There were some affirmative moments too. Dr Zakir Husain, the longest serving vice-chancellor of Jamia Millia Islamia, was made vice-president of India for a five year term of 1962-67 and then the country’s president in 1967, but he died while in office for almost two years. He was conferred Bharat Ratna the highest civilian award of India in 1963. The Government of India issued a stamp on 29 October 1970 in commemoration of Jamia’s golden jubilee. The university was turned into a central university in 1988.
Nevertheless, Jamia’s vision, diehard efforts of its founders and teachers to stand against all adversities and the due government patronage for quite some time made the university to proudly emerge on the firmament of higher education of the country. Now, it is the 7th best university in the country.
The series of sacrifices and sufferings of Jamia Millia Islamia through the freedom struggle can be concluded in these historic words of the national leader of freedom movement and poetess Sarojini Naidu, who said about it, “Jamia Millia Islamia was built stone by stone and sacrifice by sacrifice.” However, Jawaharlal Nehru, the first prime minister of the country and the national leader, said that Jamia is a ““lusty child of the non-cooperation days.”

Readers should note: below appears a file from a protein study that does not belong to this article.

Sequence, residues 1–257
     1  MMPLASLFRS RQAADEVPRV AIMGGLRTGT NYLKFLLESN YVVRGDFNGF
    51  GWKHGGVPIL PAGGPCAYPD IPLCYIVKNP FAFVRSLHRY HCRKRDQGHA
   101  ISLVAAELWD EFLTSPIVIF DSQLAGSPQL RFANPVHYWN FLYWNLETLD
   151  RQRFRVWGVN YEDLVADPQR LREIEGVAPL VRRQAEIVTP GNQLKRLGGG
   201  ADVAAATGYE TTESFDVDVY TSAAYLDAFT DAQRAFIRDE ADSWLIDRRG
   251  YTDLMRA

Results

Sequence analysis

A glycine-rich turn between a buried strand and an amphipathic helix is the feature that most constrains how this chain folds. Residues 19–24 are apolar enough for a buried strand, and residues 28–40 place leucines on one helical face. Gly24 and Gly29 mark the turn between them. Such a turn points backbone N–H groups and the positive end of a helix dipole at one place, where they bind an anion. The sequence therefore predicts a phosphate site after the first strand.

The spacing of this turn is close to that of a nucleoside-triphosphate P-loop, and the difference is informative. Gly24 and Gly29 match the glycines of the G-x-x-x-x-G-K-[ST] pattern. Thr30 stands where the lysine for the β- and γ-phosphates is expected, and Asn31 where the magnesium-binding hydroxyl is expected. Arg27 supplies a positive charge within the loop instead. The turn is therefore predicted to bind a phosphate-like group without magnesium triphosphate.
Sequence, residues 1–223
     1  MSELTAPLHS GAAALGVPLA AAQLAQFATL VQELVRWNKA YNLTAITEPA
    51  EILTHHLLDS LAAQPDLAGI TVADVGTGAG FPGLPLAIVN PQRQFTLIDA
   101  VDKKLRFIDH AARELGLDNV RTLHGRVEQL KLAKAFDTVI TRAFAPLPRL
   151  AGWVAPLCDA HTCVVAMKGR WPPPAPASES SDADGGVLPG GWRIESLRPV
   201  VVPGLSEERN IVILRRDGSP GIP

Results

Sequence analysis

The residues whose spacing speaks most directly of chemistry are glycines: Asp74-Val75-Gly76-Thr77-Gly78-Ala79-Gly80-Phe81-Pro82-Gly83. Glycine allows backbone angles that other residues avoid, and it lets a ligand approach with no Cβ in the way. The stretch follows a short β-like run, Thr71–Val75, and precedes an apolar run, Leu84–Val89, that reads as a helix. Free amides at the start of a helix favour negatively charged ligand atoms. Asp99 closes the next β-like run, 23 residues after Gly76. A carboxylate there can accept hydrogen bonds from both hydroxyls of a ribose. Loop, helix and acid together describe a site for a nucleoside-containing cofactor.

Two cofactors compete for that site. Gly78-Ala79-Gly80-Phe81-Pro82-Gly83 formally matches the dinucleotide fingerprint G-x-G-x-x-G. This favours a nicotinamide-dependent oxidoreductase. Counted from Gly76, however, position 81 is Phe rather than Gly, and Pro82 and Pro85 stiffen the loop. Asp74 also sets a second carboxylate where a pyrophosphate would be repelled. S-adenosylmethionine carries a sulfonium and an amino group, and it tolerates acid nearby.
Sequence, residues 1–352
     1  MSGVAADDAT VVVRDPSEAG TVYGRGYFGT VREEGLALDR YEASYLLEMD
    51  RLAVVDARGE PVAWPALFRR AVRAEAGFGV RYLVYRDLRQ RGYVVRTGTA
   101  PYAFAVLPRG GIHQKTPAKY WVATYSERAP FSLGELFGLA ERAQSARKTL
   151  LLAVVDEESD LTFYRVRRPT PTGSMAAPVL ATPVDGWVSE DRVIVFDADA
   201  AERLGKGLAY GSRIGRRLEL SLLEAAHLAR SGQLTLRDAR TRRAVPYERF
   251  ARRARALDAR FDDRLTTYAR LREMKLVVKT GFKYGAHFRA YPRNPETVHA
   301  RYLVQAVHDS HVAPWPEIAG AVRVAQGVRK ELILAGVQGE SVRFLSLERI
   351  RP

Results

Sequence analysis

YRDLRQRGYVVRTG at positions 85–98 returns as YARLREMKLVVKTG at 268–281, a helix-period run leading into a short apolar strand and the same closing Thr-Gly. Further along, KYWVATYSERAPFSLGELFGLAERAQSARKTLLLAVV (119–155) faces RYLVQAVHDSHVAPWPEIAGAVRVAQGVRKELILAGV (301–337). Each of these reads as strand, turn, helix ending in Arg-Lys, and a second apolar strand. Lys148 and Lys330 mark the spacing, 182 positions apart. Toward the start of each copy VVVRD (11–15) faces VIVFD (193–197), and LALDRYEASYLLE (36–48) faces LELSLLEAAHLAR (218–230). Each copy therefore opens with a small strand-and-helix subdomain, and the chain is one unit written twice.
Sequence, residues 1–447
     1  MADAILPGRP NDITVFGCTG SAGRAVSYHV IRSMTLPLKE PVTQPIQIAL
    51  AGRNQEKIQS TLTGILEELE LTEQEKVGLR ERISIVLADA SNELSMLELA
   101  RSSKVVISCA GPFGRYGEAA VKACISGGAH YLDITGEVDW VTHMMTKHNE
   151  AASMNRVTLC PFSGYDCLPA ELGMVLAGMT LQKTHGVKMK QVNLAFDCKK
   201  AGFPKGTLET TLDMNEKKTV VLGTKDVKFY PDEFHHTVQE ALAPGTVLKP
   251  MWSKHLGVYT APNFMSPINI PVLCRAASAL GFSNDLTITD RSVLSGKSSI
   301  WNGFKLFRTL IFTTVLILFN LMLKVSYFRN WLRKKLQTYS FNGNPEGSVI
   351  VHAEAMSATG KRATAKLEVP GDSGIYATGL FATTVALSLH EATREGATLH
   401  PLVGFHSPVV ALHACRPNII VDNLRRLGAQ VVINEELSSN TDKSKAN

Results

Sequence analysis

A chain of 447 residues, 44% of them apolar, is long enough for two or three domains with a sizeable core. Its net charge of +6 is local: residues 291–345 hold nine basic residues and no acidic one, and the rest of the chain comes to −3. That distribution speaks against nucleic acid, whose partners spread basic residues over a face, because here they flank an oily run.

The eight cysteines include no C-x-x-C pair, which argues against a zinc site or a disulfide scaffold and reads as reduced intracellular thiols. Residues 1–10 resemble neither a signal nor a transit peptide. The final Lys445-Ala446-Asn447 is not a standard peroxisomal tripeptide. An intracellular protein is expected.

“Jamia had a glorious past. As a national heritage, it deserves a glorious future. It must become a unique university like the unique school it began. Jamia has to reinvent itself in order to achieve its manifest destiny, as a vital contribution of the Muslim community to the making of future India” an eminent Muslim leader Sayed Shahabuddin concluded in his article: How to revive the spirit of Jamia Millia?
(This article is originally published by the Countercurrents.org and republished at Aapka Times with permission of author Abdul Rashid Agwan who is a social activist, political analyst and author of many books including his recent one: Islam in 21st Century: The Dynamics of Change and Future-making)